Responsibility for the condition of railway embankments is an operational matter for Network Rail. Responsibility for the condition of stations is shared between Network Rail and the train operating companies. In addition, franchise agreements require the train operators to keep their stations in a clean condition.
Is my hon. Friend aware of the amount of fly-tipping and dumping of rubbish taking place on railway banks and land around stations in Cardiff, particularly next to Lisvane station in my constituency, where sewage pipes, fallen lamp-posts, television sets and a whole load of cans are dumped? Things are similar at Llandaff North station.
My hon. Friend raises important local matters, which all hon. Members know are of direct concern to her and her constituents. Through my discussions with her, I am aware of the instances that she mentions. It may be helpful to say that the land is owned by Network Rail and leased to Arriva Trains Wales, which is responsible for removing the litter and fly-tipped material. I know of my hon. Friend’s considerable efforts on behalf of her constituents, and I will be pleased to assist her further by raising the matter with Arriva Trains Wales.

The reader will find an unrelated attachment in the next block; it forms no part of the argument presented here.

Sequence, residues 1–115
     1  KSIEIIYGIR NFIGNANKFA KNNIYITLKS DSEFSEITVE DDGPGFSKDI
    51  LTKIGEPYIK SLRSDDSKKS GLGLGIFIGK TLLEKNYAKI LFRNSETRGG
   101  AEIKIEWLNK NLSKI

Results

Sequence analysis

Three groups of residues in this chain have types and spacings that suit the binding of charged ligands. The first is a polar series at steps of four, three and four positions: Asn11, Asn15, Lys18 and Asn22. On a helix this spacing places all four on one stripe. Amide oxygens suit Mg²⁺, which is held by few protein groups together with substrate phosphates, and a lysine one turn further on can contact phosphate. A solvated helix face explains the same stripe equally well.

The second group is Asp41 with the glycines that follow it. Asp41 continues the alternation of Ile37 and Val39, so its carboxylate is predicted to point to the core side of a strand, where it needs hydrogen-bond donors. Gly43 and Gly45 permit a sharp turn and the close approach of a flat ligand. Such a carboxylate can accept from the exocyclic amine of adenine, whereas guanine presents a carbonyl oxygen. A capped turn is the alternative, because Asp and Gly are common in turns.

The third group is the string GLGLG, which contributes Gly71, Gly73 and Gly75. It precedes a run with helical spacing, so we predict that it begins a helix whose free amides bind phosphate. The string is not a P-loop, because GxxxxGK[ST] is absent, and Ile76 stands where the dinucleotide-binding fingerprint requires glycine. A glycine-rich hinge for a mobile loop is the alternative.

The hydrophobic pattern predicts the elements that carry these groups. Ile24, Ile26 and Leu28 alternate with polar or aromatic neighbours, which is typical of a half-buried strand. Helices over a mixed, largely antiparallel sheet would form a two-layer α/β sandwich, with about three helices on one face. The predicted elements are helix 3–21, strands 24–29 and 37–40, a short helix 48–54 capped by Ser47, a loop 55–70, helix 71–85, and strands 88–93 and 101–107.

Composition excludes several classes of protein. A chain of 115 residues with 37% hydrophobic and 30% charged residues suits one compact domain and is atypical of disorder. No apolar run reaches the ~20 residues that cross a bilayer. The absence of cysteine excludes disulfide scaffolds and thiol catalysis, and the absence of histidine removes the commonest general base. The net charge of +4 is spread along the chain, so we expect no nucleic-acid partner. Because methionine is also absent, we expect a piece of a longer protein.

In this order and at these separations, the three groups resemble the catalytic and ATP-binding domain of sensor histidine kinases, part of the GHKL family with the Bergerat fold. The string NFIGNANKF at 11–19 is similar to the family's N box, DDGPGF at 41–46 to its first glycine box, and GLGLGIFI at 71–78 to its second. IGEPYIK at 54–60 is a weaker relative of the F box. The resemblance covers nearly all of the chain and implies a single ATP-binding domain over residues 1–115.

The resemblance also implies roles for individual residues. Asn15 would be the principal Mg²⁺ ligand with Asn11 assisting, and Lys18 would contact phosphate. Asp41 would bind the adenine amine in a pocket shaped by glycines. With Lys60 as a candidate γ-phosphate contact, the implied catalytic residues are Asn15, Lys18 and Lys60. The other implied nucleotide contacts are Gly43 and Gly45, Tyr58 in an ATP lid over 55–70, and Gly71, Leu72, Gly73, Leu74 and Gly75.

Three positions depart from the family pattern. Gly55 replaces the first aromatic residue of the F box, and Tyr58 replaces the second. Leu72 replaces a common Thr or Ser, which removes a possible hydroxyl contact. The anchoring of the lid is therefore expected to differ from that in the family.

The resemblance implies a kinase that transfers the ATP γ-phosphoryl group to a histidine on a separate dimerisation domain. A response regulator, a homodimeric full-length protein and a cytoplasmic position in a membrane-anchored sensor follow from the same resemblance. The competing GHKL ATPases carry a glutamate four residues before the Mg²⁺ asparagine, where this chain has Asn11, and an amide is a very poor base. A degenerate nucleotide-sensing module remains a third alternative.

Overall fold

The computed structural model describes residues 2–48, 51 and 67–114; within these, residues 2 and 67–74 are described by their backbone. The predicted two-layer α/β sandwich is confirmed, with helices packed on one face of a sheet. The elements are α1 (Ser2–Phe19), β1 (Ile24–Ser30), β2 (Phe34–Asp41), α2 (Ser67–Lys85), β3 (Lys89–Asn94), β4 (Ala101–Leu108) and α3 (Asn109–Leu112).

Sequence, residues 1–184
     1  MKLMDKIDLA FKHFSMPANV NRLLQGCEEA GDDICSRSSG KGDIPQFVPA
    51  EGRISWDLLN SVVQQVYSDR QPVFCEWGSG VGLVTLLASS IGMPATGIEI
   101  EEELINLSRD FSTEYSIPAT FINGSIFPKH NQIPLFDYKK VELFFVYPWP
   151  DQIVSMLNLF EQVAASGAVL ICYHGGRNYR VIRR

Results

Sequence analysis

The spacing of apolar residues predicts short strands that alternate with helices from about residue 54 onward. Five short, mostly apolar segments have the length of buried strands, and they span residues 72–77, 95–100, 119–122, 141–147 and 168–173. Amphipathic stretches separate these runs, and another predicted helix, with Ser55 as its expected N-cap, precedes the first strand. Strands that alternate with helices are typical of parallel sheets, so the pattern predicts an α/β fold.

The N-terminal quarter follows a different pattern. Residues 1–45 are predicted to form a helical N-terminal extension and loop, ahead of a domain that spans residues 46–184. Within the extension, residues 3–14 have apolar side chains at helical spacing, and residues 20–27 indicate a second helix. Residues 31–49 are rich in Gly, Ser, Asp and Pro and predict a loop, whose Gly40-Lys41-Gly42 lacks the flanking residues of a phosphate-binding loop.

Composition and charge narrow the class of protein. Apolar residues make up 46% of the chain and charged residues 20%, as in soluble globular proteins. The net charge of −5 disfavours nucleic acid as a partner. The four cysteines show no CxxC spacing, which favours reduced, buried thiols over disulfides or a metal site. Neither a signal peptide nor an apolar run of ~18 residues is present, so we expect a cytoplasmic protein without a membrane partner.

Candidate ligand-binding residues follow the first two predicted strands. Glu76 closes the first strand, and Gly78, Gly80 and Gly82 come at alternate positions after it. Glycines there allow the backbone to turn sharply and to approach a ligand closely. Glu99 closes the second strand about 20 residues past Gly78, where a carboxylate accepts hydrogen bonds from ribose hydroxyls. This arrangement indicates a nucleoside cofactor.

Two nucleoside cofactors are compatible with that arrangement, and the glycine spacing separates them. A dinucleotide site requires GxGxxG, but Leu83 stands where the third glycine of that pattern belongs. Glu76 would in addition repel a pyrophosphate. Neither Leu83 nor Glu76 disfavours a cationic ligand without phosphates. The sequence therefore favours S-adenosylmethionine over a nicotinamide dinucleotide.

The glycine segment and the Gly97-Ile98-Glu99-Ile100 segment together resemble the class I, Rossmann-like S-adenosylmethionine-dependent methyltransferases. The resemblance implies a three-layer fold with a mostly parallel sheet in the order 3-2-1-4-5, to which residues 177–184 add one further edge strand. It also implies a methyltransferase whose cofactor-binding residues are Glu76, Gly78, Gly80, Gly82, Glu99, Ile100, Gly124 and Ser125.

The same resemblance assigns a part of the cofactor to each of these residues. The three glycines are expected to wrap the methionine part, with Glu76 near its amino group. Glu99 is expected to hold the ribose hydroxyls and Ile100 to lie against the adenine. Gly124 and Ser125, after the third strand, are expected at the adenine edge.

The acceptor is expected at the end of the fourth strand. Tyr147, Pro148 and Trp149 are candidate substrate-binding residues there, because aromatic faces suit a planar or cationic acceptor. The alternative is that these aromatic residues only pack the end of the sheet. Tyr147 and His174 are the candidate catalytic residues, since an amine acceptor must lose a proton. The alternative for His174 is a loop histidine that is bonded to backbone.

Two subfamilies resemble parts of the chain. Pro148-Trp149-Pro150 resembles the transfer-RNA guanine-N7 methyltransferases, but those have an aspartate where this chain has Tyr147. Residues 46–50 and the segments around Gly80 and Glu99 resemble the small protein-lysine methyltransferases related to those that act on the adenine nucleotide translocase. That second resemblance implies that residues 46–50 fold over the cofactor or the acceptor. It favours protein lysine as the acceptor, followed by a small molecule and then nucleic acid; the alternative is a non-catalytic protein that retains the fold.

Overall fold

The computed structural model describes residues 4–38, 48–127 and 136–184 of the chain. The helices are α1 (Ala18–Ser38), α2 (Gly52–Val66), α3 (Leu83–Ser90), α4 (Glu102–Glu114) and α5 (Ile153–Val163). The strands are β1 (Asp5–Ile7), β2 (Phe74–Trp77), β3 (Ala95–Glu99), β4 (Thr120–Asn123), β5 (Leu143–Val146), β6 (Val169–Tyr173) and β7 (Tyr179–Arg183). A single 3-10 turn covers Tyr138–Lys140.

Is the Minister aware that pesticide run-off, which is often a big problem on the rail network and with highways weed control, is often blamed on farmers? Will she work with Network Rail to try to minimise that problem as, despite the fact that the problem is not caused by farmers, it may result in some important pesticides being limited for agricultural use?
I thank the hon. Gentleman for making that point. It would be helpful to me, in pursuing the matter, if he gave me some specific examples. As he says, bank maintenance is a matter for Network Rail, which is more than willing to arrange meetings with any Members of Parliament who have particular concerns. I would be happy to facilitate that for him.
I am sure that my hon. Friend will agree that the condition of a city’s railway station plays an incredibly important role, as it provides the first impression, and the last memory, for many visitors. Will she therefore join me in calling on the relevant authorities to support my campaign to upgrade Dundee’s Tay Bridge station, which has lain in a neglected state for many years now?
My right hon. Friend the Secretary of State is also Secretary of State for Scotland, so clearly he is aware—as I am—of the importance of the campaign. From my experience, I share the view that the condition of stations is important both for visitors’ perceptions and for our constituents who use the stations as residents.